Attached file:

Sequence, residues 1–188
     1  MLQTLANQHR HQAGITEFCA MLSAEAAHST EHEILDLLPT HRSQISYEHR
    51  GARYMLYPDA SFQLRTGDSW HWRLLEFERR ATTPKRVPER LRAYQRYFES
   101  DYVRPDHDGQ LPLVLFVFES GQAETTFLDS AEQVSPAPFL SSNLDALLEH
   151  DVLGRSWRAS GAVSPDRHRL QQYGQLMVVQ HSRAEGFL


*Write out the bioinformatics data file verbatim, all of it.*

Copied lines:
Sequence, residues 1–188
     1  MLQTLANQHR HQAGITEFCA MLSAEAAHST EHEILDLLPT HRSQISYEHR
    51  GARYMLYPDA SFQLRTGDSW HWRLLEFERR ATTPKRVPER LRAYQRYFES
   101  DYVRPDHDGQ LPLVLFVFES GQAETTFLDS AEQVSPAPFL SSNLDALLEH
   151  DVLGRSWRAS GAVSPDRHRL QQYGQLMVVQ HSRAEGFL